Nethercutt explained more about his philosophy. “I’ve grown up poor. It hurts me to see what people so easily throw away.” Nethercutt, whose skills as an artist can transform the most commonplace of items. He sees a treasure where most of us may see trash. You can see evidence of this in Nethercutt’s use of items that could never be called “purely” artistic – a bolt of chain as an earring or a metal colander for a hat, for instance. It is this remarkable ability to see beauty in the banal that makes Nethercutt’s work so intriguing.
“Ever since I made this fence, all the kids in the neighborhood – it got their attention. I used to have a pile of junk bikes in front of the shop. Well, they all wanted a bicycle and kept coming around, and I made friends with them. I said, ‘If you mow my yard, I’ll get you a bicycle. If you clean out my shop, I’ll get you a bicycle.’ There’s a lesson to be learned here – there’s no ‘free lunch’ in this world. You help me, and I’ll help you. They’d come to me with a flat tire, and I needed firewood stacked. So I’d teach them how to fix them themselves.”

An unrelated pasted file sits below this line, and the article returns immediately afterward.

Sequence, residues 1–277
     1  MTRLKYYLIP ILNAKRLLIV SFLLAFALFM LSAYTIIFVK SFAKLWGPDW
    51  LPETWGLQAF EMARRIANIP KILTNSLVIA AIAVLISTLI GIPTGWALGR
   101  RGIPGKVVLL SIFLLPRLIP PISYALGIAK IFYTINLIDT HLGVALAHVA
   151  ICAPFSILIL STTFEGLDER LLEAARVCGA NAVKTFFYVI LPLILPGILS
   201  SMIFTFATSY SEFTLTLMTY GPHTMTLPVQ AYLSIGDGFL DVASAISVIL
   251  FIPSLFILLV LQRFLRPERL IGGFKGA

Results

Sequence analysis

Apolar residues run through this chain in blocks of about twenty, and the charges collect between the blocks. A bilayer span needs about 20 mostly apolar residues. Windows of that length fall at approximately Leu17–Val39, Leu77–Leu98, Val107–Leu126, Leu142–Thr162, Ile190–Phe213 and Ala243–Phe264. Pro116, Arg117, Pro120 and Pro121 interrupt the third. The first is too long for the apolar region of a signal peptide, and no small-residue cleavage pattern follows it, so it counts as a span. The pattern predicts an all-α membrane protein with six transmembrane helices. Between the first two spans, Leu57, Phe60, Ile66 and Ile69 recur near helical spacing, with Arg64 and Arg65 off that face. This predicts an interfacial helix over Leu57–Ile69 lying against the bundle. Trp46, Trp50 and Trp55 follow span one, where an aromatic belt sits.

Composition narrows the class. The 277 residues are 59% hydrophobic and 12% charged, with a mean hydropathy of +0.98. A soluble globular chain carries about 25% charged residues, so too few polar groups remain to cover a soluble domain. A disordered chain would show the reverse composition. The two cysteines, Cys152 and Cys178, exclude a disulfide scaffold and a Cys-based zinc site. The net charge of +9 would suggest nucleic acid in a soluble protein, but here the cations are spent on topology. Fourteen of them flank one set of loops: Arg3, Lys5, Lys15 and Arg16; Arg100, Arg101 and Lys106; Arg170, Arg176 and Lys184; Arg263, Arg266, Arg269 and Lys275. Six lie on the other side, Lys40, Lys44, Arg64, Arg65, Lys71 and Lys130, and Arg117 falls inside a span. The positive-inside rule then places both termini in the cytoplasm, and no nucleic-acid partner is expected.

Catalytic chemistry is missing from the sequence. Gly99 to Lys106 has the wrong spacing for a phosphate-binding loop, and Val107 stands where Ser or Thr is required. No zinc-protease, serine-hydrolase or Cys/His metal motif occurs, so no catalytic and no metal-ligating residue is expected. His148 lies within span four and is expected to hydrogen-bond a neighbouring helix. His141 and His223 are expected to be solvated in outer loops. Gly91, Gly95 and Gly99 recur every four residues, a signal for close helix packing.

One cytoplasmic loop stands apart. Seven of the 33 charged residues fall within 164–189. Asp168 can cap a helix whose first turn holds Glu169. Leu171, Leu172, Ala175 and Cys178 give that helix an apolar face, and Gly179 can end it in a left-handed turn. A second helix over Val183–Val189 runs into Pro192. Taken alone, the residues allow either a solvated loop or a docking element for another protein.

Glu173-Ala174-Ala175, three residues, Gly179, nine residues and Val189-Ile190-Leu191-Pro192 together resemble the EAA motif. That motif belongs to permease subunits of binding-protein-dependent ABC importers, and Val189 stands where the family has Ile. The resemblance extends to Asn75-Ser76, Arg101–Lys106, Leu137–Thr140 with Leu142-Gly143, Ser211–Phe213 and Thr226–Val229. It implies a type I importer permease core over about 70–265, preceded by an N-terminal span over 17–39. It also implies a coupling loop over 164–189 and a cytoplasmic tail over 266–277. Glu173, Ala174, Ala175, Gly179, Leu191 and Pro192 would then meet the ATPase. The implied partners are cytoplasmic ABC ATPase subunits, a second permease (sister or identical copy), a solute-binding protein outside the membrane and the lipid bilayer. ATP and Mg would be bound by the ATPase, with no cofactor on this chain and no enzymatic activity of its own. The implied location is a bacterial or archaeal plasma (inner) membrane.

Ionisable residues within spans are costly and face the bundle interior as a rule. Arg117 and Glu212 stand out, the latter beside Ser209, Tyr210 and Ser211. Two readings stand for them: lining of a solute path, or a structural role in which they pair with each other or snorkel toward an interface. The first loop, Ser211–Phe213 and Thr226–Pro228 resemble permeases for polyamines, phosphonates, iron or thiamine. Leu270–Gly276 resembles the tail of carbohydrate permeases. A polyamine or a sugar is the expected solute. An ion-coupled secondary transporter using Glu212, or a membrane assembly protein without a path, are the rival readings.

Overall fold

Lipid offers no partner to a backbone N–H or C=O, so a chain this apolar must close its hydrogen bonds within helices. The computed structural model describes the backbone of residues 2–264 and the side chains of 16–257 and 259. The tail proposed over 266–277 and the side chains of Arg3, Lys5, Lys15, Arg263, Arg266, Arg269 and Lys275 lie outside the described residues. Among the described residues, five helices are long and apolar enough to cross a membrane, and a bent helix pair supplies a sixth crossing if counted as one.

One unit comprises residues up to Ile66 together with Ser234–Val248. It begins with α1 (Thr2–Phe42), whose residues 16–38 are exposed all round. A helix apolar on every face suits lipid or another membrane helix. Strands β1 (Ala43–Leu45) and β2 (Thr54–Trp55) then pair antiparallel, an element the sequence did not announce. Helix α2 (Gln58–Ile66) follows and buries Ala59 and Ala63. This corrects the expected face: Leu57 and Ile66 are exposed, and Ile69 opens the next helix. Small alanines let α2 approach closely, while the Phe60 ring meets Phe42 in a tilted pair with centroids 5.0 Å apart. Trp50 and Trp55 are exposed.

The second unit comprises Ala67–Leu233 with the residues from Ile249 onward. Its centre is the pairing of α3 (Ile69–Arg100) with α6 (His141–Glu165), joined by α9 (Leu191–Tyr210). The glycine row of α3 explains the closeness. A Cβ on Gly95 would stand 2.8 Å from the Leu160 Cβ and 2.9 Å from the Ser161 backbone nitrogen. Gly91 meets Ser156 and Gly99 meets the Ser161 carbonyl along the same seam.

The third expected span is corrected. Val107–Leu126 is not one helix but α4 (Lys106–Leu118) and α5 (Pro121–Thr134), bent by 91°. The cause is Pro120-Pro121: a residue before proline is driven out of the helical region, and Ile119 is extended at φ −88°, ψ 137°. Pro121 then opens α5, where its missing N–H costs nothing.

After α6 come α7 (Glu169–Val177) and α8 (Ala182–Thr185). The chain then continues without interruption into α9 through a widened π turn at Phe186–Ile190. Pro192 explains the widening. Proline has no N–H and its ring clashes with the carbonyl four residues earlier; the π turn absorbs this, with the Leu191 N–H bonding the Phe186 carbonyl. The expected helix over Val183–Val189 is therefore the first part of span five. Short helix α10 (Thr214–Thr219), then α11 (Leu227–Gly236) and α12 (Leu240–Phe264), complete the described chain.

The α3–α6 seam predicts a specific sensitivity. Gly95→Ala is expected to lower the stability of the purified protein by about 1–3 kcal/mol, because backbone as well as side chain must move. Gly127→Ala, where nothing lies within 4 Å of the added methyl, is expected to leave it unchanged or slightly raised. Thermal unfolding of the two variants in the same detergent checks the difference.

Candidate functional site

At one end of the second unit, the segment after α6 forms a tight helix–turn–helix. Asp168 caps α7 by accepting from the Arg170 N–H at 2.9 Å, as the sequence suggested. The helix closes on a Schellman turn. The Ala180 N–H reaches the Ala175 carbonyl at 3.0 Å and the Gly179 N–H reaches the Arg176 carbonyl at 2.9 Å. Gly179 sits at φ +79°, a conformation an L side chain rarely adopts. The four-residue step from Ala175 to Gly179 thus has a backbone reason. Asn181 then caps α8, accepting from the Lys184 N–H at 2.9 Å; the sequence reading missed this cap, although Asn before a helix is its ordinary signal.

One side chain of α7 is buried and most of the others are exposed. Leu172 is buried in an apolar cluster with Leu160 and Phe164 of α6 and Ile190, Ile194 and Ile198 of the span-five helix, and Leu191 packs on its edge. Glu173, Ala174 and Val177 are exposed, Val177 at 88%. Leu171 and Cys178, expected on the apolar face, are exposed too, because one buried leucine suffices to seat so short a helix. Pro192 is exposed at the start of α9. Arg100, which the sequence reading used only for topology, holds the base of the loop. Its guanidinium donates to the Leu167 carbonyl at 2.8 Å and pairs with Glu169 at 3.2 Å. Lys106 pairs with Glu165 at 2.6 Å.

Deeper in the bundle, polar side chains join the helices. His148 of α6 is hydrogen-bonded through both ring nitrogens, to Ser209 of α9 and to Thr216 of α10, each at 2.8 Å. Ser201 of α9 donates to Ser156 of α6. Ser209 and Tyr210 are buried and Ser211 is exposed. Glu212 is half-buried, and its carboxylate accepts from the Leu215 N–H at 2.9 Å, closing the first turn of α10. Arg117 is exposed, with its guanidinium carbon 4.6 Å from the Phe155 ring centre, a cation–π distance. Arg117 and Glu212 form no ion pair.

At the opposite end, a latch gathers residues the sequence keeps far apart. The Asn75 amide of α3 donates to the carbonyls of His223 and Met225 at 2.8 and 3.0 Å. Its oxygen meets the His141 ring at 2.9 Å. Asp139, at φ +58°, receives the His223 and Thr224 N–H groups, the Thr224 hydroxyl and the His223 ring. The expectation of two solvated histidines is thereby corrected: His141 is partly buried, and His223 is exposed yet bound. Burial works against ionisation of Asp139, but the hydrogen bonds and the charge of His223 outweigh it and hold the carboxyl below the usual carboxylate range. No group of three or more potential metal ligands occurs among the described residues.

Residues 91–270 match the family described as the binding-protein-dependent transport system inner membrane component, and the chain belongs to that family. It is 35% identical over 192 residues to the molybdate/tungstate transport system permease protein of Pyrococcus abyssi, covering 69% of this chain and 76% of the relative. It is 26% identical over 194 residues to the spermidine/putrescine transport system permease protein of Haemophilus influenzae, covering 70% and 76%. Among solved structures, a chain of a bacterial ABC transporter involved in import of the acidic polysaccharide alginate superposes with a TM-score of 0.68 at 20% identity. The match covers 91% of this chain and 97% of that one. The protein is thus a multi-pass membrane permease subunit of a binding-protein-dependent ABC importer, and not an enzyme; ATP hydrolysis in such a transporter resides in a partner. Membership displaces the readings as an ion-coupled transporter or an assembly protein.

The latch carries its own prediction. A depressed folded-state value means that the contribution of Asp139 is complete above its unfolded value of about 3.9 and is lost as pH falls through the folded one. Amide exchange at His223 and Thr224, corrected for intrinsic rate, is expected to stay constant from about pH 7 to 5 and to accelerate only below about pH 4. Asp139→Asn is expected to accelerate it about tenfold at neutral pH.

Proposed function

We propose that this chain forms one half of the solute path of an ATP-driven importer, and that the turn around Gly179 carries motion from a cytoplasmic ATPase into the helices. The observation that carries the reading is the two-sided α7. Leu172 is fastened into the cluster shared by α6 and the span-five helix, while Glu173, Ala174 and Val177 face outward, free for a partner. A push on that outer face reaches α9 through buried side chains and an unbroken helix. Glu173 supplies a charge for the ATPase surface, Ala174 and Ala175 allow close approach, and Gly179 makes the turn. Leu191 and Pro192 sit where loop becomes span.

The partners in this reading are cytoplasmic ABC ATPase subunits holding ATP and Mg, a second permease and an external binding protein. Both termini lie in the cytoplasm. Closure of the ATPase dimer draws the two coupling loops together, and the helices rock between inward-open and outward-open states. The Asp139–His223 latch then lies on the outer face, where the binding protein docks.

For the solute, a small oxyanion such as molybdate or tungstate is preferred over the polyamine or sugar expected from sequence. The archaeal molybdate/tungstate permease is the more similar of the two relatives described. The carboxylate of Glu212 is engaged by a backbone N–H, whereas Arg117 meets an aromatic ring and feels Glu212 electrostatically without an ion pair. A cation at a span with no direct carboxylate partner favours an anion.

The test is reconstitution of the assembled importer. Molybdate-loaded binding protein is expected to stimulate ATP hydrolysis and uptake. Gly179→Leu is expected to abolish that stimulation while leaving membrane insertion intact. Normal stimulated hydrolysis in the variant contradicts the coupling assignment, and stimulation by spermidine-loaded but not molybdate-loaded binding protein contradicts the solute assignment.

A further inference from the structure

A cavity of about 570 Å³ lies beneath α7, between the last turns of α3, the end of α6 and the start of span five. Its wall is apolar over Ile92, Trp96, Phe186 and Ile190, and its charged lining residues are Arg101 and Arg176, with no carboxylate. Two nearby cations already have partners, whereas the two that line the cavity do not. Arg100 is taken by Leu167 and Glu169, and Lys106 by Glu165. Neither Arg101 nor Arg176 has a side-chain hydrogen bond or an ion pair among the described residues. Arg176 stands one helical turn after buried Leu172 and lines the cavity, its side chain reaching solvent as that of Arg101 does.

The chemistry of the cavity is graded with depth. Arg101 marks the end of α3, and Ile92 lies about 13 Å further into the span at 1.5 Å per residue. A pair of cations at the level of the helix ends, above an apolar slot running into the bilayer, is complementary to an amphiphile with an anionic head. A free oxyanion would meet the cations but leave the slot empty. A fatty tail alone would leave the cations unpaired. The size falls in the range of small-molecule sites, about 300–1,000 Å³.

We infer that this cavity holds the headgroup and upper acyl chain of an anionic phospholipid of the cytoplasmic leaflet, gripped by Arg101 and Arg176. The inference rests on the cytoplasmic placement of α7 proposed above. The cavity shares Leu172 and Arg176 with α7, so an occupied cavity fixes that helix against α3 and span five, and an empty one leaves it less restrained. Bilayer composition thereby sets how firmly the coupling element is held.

This practical yet helpful approach to interacting with his neighborhood buddies has already shown dividends for these kids. “I’d keep a toolbox in my shop just for fixing bikes. These kids are now 16 and 17, and they don’t come around as much, but they get the toolbox and fix their bikes and put it right back.” Learning both practical skills and responsibility will keep these young boys and girls in good stead, and Nethercutt shows a glimpse of pride in their interest in mechanical ways when he describes one particular project they worked on together.